Compiled by: Richard Favis
RBC Capital Markets
+27 11 784 5065
An interest rate hike in December is now a forgone conclusion according to most market participants, following this week’s data releases.
South Africa’s consumer inflation numbers (CPIX) rose to 7.3%y/y in October, well above the 7.1% anticipated by the market and considerably outside the government’s target range of 3% to 6%. CPIX inflation gained 0.7% m/m mainly due to higher food and international oil prices.
This is the seventh consecutive month, this year that CPIX has fallen wide of the inflation target and is now expected to peak above 8% early next year and only move back within the target band towards the end of 2008.
As with the consumer inflation numbers, producer inflation came in well above market forecasts with growth in the index rising 9.5%y/y in October from 9.4%y/y previously. PPI’s acceleration was also largely driven by higher food and oil prices.
South Africa’s strong GDP growth data gave the Reserve Bank further ammunition to raise interest rates when it meets next week. GDP grew by 4.7%q/q in the third quarter compared with the downwardly revised figure of 4.4%q/q in the second quarter.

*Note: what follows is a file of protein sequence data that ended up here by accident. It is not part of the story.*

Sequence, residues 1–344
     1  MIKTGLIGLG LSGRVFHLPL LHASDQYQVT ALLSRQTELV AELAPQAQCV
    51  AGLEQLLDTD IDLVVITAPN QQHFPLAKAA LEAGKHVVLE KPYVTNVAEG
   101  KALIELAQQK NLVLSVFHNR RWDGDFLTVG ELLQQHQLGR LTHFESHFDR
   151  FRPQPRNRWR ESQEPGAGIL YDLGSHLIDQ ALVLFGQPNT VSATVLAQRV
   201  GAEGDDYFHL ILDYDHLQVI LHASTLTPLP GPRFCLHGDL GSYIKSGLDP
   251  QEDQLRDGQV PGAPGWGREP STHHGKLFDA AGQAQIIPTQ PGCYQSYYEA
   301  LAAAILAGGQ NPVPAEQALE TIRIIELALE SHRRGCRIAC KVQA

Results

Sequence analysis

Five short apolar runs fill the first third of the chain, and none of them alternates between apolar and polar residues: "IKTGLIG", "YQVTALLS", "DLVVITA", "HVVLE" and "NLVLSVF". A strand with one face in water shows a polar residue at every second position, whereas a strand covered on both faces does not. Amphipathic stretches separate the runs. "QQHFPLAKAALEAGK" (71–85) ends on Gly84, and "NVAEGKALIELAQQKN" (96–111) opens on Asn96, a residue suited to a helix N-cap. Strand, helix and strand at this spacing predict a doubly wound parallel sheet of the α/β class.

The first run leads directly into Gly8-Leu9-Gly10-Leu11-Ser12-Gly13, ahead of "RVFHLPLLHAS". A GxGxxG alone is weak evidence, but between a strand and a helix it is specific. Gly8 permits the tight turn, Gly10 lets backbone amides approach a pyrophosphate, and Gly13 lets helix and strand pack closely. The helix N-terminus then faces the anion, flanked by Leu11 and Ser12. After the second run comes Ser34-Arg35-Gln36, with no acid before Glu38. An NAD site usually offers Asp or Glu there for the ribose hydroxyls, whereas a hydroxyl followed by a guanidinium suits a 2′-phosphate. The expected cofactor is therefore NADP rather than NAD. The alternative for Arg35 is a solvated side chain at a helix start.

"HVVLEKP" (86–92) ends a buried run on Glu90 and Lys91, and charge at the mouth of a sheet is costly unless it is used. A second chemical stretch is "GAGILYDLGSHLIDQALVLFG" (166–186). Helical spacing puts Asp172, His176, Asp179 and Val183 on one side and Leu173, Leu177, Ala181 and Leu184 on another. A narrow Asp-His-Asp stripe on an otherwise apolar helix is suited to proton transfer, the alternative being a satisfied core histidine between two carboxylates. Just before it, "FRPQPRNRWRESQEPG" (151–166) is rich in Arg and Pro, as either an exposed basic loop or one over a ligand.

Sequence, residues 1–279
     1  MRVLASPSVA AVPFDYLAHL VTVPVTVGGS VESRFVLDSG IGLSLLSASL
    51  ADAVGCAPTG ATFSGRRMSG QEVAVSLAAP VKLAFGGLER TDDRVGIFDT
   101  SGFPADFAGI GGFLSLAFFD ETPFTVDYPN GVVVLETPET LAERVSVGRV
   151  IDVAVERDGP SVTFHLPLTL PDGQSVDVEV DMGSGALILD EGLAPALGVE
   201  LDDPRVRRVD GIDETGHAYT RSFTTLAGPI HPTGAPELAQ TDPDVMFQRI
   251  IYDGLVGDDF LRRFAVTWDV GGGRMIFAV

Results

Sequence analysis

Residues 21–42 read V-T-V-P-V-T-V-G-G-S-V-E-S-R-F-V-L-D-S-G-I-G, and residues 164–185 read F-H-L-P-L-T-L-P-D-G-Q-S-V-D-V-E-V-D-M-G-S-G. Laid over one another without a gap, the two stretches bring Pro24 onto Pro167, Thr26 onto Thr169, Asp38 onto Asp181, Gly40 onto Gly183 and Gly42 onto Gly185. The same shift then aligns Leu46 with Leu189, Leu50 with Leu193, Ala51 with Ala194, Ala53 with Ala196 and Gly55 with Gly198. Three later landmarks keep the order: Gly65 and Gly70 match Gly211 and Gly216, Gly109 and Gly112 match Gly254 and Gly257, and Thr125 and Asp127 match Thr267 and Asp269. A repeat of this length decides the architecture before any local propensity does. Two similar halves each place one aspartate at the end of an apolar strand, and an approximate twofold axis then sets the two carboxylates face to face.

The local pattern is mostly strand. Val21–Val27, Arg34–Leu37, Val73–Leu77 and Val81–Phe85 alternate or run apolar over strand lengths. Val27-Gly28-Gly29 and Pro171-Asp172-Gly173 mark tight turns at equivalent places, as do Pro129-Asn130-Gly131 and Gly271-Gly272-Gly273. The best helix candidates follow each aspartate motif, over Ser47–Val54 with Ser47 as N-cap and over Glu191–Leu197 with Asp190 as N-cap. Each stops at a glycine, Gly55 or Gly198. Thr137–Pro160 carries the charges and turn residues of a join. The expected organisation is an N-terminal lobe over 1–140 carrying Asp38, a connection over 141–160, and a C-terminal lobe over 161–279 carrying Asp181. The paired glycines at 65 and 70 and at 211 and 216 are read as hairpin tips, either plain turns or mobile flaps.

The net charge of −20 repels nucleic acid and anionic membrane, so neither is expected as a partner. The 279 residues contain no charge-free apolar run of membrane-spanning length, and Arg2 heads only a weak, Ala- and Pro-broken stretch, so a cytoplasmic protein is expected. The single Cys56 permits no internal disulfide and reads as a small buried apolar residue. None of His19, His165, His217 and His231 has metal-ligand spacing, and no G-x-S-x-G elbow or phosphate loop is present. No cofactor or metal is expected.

Sectors that had a significant contribution to GDP were the financial, real estate, construction and service sectors, while the wholesale and retail trade sectors had a marginal increase.
The data suggests that the economy remains fairly resilient despite the 3.5 percentage points of rate hikes since June last year.
Other economic releases this week included money supply and private sector credit extension numbers, both of which declined marginally year-on year in October, but remain comparatively high. M3 money supply recorded a 23.39%y/y rise from 24.94% in September, while credit extension rose by 22.27%y/y from 22.46% previously.
The rand fell to over R7/$ this week, as emerging market sentiment turned. It was also put under pressure, following the news over the weekend, that Jacob Zuma is likely to be the next president of the ANC political party.
Bonds took further strain this week as the market fully priced in the 50bp rate hike next week. The weaker rand added to local bond’s woes, causing the yield on the R153, due 2010, to rise by over 20bp from Monday’s open.
Next week data on vehicle sales and manufacturing numbers is released.
However the market will focus on the outcome of next week’s MPC meeting, with the rate announcement expected at 15:00 GMT on Thursday.